The phrase 'death of the high street' is bandied about quite a bit these days - and in some places, not without cause.

All throughout the UK, but primarily in old industrial areas such as the north of England, Wales, Scotland, and the midlands, high streets have collapsed under the weight of competition from online retailers and out-of-town supermarkets.

Add to that the pressures exerted on small businesses by crippling business rates, and possibly fees for a business improvement district on top of that, it's no surprise that many town centres have become the exclusive residence of charity shops, barbers and fast food.

It's very, very easy to simply log on to a computer, order what you want and the next day (sometimes even the same day) the package will arrive at your home or workplace. No hassle, no fuss, and often more niche items, which any regular retailer wouldn't stock because of profitability margins, are only available online.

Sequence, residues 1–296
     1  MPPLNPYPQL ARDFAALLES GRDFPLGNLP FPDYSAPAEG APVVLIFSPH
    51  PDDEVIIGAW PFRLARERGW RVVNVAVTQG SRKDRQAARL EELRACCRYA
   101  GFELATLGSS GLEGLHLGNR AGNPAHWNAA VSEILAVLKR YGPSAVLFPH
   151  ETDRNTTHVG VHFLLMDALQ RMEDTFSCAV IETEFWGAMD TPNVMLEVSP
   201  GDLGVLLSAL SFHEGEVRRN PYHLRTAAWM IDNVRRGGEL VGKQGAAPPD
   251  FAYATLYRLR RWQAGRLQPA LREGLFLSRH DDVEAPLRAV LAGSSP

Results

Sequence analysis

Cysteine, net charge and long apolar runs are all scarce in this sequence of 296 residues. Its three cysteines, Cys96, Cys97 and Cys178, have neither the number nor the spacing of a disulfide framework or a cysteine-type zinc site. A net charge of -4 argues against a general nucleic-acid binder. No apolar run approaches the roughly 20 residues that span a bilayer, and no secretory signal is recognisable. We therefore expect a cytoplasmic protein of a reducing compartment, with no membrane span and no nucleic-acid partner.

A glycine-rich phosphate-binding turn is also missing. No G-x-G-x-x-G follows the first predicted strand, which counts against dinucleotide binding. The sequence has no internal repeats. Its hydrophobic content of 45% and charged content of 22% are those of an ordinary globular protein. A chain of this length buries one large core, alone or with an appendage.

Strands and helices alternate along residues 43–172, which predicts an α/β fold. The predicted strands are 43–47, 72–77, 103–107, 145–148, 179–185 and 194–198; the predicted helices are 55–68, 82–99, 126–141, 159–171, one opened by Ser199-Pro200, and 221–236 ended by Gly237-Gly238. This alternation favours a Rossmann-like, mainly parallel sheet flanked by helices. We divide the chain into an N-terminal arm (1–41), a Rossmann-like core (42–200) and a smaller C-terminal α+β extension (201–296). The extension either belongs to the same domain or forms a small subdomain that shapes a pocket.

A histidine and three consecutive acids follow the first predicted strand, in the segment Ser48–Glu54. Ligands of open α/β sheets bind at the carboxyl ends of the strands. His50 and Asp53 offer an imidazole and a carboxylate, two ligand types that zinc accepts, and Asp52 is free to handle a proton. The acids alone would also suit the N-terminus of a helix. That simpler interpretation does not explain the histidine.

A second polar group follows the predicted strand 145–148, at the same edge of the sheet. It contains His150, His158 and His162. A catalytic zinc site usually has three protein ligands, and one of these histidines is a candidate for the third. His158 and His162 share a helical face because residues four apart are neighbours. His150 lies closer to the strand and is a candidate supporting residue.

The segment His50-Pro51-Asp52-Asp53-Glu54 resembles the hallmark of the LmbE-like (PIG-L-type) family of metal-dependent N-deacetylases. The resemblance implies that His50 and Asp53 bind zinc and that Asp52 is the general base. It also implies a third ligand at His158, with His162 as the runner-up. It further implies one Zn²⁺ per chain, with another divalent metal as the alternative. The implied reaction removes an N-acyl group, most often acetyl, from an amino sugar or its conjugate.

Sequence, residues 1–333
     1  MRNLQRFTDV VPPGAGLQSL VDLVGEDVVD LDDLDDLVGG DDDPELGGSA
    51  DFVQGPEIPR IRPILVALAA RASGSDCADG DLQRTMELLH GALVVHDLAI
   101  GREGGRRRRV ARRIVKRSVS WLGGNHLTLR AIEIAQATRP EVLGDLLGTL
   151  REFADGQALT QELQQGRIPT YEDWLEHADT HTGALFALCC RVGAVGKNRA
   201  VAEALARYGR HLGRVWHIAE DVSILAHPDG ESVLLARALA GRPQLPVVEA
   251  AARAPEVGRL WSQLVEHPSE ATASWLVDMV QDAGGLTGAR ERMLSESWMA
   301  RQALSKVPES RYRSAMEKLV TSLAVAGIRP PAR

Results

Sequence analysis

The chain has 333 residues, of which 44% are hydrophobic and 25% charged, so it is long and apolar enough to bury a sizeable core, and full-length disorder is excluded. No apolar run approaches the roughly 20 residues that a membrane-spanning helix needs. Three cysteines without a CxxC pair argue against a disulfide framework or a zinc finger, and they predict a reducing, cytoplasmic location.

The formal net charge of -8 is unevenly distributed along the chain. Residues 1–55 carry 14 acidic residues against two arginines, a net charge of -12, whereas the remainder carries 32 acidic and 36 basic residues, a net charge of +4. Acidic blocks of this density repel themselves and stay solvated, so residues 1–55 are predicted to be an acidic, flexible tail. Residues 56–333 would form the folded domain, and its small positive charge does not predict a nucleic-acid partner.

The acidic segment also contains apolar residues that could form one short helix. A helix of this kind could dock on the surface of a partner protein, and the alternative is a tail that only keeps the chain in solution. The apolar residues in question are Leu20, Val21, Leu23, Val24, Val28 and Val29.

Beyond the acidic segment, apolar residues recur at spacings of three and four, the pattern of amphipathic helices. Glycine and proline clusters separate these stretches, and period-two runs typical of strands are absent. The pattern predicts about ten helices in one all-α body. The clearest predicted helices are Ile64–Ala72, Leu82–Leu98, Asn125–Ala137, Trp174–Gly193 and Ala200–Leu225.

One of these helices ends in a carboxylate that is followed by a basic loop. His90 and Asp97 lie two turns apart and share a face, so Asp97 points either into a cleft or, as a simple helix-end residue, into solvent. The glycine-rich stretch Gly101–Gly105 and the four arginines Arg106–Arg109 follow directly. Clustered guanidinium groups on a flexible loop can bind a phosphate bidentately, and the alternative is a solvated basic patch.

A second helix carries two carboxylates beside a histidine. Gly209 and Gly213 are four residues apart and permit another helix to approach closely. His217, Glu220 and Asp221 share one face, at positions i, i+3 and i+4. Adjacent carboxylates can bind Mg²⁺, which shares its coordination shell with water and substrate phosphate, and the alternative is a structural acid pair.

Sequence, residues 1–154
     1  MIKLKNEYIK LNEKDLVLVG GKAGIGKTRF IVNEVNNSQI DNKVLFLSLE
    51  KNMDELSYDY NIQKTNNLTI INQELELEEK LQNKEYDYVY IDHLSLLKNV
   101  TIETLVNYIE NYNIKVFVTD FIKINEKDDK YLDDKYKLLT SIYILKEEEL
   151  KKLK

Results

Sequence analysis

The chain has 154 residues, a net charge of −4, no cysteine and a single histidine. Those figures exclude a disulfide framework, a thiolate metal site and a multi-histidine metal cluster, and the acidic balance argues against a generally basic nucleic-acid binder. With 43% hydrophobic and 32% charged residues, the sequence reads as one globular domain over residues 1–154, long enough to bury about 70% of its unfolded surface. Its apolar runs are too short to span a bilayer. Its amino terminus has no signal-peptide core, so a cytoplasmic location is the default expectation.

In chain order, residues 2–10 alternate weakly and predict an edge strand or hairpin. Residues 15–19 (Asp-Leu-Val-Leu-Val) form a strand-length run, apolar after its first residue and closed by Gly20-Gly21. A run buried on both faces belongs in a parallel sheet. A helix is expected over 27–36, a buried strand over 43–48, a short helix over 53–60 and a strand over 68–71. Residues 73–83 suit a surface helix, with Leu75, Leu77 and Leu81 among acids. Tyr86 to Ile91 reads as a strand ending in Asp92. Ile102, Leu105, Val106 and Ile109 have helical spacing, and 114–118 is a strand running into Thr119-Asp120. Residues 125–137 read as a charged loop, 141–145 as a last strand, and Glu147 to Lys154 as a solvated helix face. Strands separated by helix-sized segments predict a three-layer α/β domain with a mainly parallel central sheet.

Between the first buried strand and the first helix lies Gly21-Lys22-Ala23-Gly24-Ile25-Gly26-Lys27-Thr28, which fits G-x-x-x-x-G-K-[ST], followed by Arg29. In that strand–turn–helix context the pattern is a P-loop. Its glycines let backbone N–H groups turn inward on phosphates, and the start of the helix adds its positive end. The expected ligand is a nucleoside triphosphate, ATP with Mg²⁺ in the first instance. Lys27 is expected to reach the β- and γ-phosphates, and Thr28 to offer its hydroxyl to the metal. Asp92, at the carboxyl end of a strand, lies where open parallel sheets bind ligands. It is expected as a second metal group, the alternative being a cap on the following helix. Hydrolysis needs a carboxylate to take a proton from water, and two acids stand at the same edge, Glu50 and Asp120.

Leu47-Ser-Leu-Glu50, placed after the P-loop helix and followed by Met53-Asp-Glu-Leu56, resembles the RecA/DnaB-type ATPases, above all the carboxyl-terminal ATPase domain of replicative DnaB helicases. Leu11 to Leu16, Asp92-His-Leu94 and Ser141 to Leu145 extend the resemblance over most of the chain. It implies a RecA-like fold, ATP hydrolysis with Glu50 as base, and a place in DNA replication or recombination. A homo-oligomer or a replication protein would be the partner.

However, there are just a few special places that are bucking this trend - and Kendal is one of them.

It hasn't been plain sailing, and no one would suggest otherwise, with news this week that Maya Maya and Pandora are set to close.

They will join a raft of closures over the last year, including Monsoon, Peter George Bank and KFC.

Furthermore, the heavily publicised problems at Beales continue to rumble on.

But Kendal is not like most towns. Set against the backdrop of the Lakes, there is always a steady stream of tourism in the town, and it certainly helps that the residents here tend to be wealthier than other Cumbrian towns like Barrow or Workington.

Statistics provided by South Lakeland District Council show that, between December 2014 and 2019, the number of empty shops increased by three. That is a lot better than most towns.

All in all, Kendal has a lot of vibrancy in its retailers - there may not be huge brands or gargantuan shopping centres, but smaller, completely unique businesses like The 1657 Chocolate House or Microdot Boutique have something which Primark or Debenhams could never have - a sense of place and a belonging within the community.